Drones and Planes Will Share the Same Altitude

Drones and Planes Will Share the Same Altitude

Airplane skyline. image by pixabay

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Currently, automated unmanned aerial vehicles beyond visual line of sight (BVLOS) flight in unrestricted airspace is a very significant barrier to overcome in order to realize the vision of mass-commercial drone usage. UAS traffic management (UTM) systems are one of the major technologies needed for the regulation of this field.

The Thames Valley to the west of London is expected to be the world’s first commercial ‘super-highway’ drone corridor in open and unrestricted airspace. Unlike existing drone corridors or research facilities where the airspace is typically restricted or closed to general aviation traffic by redefining the airspace as a Temporary Danger Area (TDA), the Arrow Drone Zone will be in open and unrestricted airspace.  This means drones and general aviation will be sharing the same airspace in a real-world environment.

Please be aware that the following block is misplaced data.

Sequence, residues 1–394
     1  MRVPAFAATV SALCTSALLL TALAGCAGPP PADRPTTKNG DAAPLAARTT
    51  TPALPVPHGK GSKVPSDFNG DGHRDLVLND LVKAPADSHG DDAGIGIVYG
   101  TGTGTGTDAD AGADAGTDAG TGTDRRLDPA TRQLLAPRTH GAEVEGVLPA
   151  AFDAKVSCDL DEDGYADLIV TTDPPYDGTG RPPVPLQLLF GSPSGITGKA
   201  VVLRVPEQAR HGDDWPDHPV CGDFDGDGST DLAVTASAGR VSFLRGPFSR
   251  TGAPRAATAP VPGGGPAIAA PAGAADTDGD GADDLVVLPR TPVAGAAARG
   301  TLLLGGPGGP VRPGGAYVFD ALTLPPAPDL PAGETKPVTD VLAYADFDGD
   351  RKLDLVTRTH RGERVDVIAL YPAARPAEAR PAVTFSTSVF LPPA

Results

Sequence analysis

The site will be available to support fully automated drone flights beyond visual line-of-sight from any drone company which completes a series of basic technical integrations which, crucially, don’t require specialist hardware on-board the drone. The zone will be approximately 8km in length and 500m wide and will serve to extend enhanced Detect and Avoid capabilities to drones flying within the Zone.

The project is part of the UK CAA’s Innovation Sandbox under the moniker ‘Project Arrow’ and will be operated and managed by Altitude Angel, a UAS traffic management software provider. Drones flying within the ‘Arrow Drone Zone’ will be tracked and monitored via the company’s UTM platform, GuardianUTM O/S, which communicates with ground and aerial infrastructure to provide automated navigation for drones flying within the Zone, pre-flight authorizations and automatic separation assurance.

According to airspacechange.caa.co.uk, nearby manned aviation and even other non-participating drones are mapped in real-time so safe distances are maintained, and appropriate avoidance actions can be taken if they are predicted to be breached. If a conflict is detected, drones involved will be automatically given appropriate avoidance instructions, such as an instruction to change flight path, hold, return or land. A remote pilot will also be alerted, and manual control of the drone can be taken at any time.